HS2 rail scheme protest group warns of legal action
Protest groups against the HS2 rail project have sent the government a formal letter warning they will take legal action unless it is stopped. The HS2 Action Alliance said in the letter to Transport Secretary Justine Greening that it would consider seeking a judicial review. The group said it was concerned about the project’s environmental impact and accused the government of failing to comply with several legal requirements. They say the DfT failed to comply with “the legally binding requirements of the Strategic Environmental Assessment (SEA) Regulations 2004 and the Conservation of Habitats and Species Regulations 2010.” An alliance of 18 local authorities working together under the collective name 51m, have also sent a formal notice to Ms Greening asking her to stop the project or face a potential judicial review.
Protest groups against the HS2 rail project have sent the government a formal letter warning they will take legal action unless it is stopped.
The HS2 Action Alliance said in the letter to Transport Secretary Justine Greening that it would consider seeking a judicial review.
The group said it was concerned about the project’s environmental impact.
The £33bn high speed rail line crossing from London and Birmingham and beyond was given the go-ahead last month.
The alliance – a not-for-profit limited company – sent the letter, which accused the government of failing to comply with several legal requirements, on Monday.
The SEA regulations included the need for “full strategic environment assessment” and “an assessment of all alternatives to be completed” before the proposals were put forward for public consultation, it claimed.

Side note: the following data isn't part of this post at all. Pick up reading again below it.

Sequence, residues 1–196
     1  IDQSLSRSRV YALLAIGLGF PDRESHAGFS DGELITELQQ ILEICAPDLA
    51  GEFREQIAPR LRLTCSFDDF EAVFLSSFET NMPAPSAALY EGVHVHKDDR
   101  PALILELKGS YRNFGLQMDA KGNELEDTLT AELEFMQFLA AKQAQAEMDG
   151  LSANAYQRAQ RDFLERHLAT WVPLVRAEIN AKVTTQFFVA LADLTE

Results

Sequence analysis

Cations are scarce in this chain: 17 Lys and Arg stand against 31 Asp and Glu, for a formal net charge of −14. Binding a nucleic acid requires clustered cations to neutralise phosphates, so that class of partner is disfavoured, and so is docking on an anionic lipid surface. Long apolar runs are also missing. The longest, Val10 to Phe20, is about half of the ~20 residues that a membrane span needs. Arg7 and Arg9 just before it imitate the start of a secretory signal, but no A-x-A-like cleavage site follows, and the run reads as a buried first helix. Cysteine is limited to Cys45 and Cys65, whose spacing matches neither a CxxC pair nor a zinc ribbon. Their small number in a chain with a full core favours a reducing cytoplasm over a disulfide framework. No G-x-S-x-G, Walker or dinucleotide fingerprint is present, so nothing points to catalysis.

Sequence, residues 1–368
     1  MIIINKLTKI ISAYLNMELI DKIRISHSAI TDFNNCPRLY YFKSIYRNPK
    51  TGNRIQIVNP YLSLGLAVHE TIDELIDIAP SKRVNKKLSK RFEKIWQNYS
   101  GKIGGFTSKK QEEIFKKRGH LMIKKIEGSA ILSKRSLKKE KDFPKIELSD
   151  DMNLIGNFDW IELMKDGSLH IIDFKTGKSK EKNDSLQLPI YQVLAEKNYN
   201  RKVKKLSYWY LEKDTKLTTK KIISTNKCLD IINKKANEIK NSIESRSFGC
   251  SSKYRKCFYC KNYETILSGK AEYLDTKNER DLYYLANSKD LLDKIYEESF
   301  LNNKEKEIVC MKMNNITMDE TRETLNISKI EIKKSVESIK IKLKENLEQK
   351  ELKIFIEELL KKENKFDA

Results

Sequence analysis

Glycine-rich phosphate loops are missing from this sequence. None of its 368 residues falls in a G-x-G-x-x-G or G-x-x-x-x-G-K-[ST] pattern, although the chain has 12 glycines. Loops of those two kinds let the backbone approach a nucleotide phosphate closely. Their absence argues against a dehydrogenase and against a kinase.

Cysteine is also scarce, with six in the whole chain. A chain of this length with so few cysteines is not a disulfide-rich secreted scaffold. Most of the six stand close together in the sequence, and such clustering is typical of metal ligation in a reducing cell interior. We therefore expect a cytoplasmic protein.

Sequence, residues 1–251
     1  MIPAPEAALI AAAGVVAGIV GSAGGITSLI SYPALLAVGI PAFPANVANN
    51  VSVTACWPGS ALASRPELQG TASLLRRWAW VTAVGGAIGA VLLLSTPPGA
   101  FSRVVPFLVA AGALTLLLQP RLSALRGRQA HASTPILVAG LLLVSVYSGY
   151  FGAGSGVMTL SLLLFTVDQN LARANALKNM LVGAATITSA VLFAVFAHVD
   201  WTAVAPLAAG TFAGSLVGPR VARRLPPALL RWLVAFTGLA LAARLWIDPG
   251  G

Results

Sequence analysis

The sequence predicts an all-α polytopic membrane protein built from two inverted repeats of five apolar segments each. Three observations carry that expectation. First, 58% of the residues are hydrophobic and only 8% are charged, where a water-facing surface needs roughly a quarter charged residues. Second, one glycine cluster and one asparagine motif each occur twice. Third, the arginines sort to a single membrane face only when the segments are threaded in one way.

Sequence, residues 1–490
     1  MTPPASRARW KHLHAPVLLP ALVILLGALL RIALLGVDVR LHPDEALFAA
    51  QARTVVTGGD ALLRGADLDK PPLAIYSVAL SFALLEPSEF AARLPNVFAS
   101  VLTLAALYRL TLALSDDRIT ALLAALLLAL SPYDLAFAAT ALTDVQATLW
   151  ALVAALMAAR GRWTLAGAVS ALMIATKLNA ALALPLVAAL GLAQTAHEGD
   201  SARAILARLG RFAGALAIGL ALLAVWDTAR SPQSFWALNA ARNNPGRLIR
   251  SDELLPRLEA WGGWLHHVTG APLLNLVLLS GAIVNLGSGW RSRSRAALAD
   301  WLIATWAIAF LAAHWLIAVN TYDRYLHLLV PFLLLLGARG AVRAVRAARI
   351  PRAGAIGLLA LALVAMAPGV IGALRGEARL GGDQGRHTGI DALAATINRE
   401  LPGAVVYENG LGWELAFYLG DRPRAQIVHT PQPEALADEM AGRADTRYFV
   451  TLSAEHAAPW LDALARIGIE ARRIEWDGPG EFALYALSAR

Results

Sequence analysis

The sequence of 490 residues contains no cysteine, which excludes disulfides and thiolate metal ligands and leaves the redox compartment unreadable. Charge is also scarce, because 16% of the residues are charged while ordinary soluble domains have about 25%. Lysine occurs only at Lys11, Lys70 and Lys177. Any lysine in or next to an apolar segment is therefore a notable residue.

The challenge is supported by more than 70 local groups and residents’ associations, four wildlife trusts and other countryside organisations.
In a statement released on its website, the alliance said it had also sent a letter outlining its concerns regarding the scheme to the European Commission.
Its director, Thomas Crane, said the scheme was an “environmental disaster” and the government had put forward a “shaky business case” for it.
He said: “The Department for Transport and HS2 Ltd have ridden roughshod over public opinion and many expert voices to ignore all viable alternatives in their desperation to promote HS2.
“We are still hopeful that Justine Greening will see sense and halt a project which offers such limited benefit for so much environmental damage.
In January, the Stop HS2 protest group said it had been planning to seek a judicial review and lodge the application within a matter of months. It said it was seeking evidence that the government’s decision was flawed.
Mr Crane clarified to the BBC that as the cost of mounting such a challenge was quite expensive, his organisation was issuing the formal notice and was supported by Stop HS2.
An alliance of 18 local authorities working together under the collective name 51m, have also sent a formal notice to Ms Greening asking her to stop the project or face a potential judicial review.
But a Department for Transport spokesman said the project would create jobs and prosperity across the country.
He added: “The line of route between London and the West Midlands has been continually improved to mitigate the impact on those living near it and the environment.
“We believe we have struck the right balance between the reasonable concerns of people living on or near the line – who will be offered a package of compensation measures – the environment and the need to keep Britain moving.”
Chris Howe, from pro-HS2 group YestoHS2, said the alternative plans suggested by activists against the scheme would see a cut in local and regional services and fail to provide the capacity needed to cope with predicted future demand.